The oil spill happened on the night of July 1st, when a faulty pipeline owned by Exxon Mobil ruptured near Laurel, Montana, in the Yellowstone River. The spill leaked an estimated 1,000 barrels of oil into the river in the span of half an hour. Fearing a possible explosion, officials in Laurel evacuated approximately 140 people before allowing them to return several hours later. The cause of the pipeline’s failure has yet to be exactly determined. The fire chief in Laurel has speculated that high water eroded part of the river bed, exposing the pipeline to debris and ultimately causing it to rupture. In the wake of the spill, Exxon Mobil issued a statement saying the corporation “deeply regrets this release and is working hard with local emergency authorities to mitigate the impacts of this release on the surrounding communities and to the environment.”

A spokesperson for Exxon Mobil has since announced that the oil that was spilled has been contained within 10 miles of the original spill site, a claim that has been disputed by the government of Montana. Out of the estimated 1,000 barrels of oil spilled, only 9 barrels have been recovered so far. The EPA does not expect that number to rise, as it will be difficult to recover any more oil. Instead, cleanup and recovery efforts are being focused on the shoreline in an effort to minimize damage to the ecosystem. This week, representatives from the EPA will begin searching the river for any remaining oil.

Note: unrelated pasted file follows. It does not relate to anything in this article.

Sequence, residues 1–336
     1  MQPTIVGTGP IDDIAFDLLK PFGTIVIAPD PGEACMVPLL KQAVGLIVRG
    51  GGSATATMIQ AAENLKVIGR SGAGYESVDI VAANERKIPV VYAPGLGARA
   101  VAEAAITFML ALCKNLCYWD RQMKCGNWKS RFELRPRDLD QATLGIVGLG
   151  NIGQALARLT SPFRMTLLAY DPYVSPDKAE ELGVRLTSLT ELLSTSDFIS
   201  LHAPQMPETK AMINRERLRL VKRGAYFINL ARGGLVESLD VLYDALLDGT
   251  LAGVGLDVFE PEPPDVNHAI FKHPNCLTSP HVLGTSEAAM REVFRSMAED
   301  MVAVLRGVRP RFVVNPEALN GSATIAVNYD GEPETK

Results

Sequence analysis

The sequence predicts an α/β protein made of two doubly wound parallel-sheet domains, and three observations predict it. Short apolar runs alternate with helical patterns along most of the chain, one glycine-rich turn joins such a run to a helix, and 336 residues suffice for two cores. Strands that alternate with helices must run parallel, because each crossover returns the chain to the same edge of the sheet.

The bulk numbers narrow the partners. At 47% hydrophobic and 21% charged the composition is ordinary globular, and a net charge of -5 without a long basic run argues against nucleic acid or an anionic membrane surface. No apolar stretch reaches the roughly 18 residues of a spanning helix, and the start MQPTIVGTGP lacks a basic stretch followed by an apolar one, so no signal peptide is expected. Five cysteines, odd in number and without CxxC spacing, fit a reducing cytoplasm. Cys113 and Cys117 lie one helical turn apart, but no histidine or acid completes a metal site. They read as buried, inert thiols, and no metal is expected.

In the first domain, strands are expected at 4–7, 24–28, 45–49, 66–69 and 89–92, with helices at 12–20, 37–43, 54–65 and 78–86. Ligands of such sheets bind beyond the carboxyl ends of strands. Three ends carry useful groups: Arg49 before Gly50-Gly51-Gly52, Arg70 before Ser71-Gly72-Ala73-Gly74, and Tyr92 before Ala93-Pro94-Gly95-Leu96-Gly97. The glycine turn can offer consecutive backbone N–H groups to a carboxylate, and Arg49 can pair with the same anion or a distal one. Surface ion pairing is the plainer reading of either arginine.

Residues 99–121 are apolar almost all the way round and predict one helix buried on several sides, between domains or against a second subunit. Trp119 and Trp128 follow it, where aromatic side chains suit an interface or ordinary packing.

Exxon Mobil has submitted a cleanup plan to the Environmental Protection Agency. The plan is being reviewed in order to make sure it adheres to cleanup standards imposed by the state. State cleanup standards are stricter than standards imposed by the federal government. The EPA has given Exxon Mobil a timeline of less than two months to finish cleanup: all oil must be removed and all affected areas of shoreline must be recovered by September 9th.